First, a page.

Soyeon Kim- Gangnam Style

What is Gangnam style?

Where is Gangnam?

 Gangnam district is known as “South Korea’s Beverly Hills” for its exorbitant real-estate prices and wealthy residents 

 Ever since PSY’s international mega-hit “Gangnam Style” in 2012, people all over the world have heard the name of Seoul’s most affluent district.

But few know what the area called “the Beverly Hills of South Korea” is actually like. 

 While the district is an economic hub for some of the most powerful companies globally, including Google, IBM, and Toyota, its real heart is its residential areas, where the deposit to rent a home costs 10 years of salary for the average Korean.

 Living in Gangnam — and more specifically living in the Gangnam neighborhoods of Cheongdam-dong and Apgujeong-dong — is a status symbol that many Koreans aspire to. Cheongdam-dong and Apgujeong-dong are home to many Korean actors, actresses, and idols, miles of luxury retail, a wild nightlife, and Korea’s biggest entertainment companies.

Also, Gangnam is famous for good high schools which are helpful for getting into good universities. That is why many parents want to raise their children in Gangnam despite it is a spendy area to live

How Gangnam became rich district?

 Seoul’s population has grown at a phenomenal rate. It was a million in 1953, and skyrocketed to 2.45 million by 1960, up 1.5 million in less than a decade. There was no planning for such explosive growth, and urbanization quickly deteriorated quality of life and generated slum areas across the city. Disorganized urban sprawl characterized the city as it encroached on the mountains, rivers, green belts, national land, and even roads.

 To accommodate the growing population, the city government planned to increase the density of the existing built-up areas (e.g., Seun Arcade) and systematically develop the adjacent areas (e.g., land readjustment programs in Seogyo, Dongdaemun, Myeonmok, Suyu, etc.). However, this was not sufficient to handle the dramatic population growth. For instance, population grew by 298,780 on average in 1960; this meant that the city needed at least 50,000 housing units (assuming 6 people in each household) and other infrastructure, which at the time could only service a few thousand. Seoul was in need of new, large built-up areas to resolve the snowballing urban issues.

“Gangbuk could no longer handle it. The population kept growing. The development of Gangnam first began in earnest in the 1970s, and the population was about 6 million at the time. Gangbuk couldn’t handle it. That’s how the development of Gangnam began.” (Son Jeong-mok, Former Director, Urban Planning Bureau, Seoul Metropolitan Government)

 In the early stage of the plan, Gangnam was to be one of many sub-centers. At the time, these sub-centers were supposed to be the hinterland and residential areas structurally and were thus located at the center of transportation hubs to enable easy access from the center of Seoul or other cities. On the contrary, Gangnam did not have any residential districts or built-up areas. Its planned density was not as high as we see today.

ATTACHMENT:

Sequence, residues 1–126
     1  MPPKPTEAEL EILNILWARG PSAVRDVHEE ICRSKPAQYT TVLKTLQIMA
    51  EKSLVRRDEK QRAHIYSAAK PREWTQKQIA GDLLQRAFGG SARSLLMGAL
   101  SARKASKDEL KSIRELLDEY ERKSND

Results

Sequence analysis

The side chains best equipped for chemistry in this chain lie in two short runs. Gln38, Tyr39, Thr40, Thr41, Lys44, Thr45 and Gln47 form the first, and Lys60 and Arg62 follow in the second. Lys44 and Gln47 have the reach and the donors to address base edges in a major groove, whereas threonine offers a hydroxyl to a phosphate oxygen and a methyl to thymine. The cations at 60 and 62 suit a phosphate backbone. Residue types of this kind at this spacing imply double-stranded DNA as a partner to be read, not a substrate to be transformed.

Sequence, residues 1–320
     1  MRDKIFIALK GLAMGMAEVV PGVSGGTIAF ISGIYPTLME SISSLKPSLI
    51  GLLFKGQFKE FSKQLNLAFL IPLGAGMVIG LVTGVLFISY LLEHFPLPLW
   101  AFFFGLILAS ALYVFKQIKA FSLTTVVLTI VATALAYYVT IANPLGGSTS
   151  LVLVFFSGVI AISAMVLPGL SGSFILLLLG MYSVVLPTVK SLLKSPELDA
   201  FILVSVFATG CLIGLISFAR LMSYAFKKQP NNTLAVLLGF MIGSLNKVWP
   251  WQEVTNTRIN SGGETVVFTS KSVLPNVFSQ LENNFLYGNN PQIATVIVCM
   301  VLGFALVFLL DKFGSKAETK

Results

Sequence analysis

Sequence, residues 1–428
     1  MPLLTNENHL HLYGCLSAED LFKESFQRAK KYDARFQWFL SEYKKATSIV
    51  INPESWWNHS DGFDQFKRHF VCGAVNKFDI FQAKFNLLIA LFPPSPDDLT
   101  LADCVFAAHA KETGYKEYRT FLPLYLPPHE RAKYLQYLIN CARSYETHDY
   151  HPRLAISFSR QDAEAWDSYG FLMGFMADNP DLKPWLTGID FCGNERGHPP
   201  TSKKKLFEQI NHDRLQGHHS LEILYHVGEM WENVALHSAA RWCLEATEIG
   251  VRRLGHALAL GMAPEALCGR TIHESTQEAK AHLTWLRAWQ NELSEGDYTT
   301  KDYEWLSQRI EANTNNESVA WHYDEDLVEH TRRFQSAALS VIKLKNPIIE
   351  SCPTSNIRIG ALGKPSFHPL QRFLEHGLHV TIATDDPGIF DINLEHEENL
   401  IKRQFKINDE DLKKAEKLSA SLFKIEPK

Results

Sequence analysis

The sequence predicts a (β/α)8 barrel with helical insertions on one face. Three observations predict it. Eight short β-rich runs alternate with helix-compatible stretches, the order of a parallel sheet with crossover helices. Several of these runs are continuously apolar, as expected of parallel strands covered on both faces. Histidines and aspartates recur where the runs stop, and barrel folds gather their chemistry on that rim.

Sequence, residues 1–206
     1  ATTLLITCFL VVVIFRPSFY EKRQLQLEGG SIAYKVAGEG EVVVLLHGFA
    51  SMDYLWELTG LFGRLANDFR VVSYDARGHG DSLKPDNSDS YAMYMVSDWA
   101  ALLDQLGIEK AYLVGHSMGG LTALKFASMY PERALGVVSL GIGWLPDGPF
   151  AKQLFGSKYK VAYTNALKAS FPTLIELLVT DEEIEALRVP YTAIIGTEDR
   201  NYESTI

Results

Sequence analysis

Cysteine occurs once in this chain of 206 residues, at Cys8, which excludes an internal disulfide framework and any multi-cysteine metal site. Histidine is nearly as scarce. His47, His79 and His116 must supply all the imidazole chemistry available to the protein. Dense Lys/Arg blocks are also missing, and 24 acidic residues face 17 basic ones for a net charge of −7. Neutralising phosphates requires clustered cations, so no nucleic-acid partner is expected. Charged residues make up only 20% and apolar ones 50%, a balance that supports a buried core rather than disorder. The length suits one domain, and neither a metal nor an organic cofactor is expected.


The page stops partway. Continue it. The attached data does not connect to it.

So Government started few policies to develope the City

Here are the policies 


 1.The third Hangang Bridge (today’s Hannam Bridge; begun January 1966 and completed December 1969) heralded the start of the era of Gangnam. When the Gyeongbu Expressway (begun in 1967) opened in July 1970, connecting the old city center to Gangnam, the development of Gangnam progressed even faster.

 2.To promote the development of Gangnam, the government introduced the Act on Temporary Measures for Development Promotion in Specific Areas in 1972, easing the tax regulations that had been put in place to prevent real estate speculation and removing almost all taxes on land transactions and use. The real estate speculation tax, business tax, registration tax, acquisition tax, property tax, urban planning tax, and licensing tax were removed until the Act was abolished in 1978. This temporary measure proved effective: land transactions became more active, and prices rose again

 3.In 1975, Seoul announced its plans to build the social infrastructure to develop urban functions in Gangnam. It’s first targets were secondary government offices, such as the City Hall, court, Public Prosecutor’s Office, Korea Forest Service, and Public Procurement Service, as well as headquarters of 8 financial institutions, including the Bank of Korea, Korea Development Bank, and Korea Exchange Bank. However, this resulted in fierce opposition as the city did not hold sufficient discussions with the relevant departments, and the institutions were not moved to Gangnam. The only public offices that moved to Gangnam were the Supreme Court and the Public Prosecutor’s Office, but only after a decade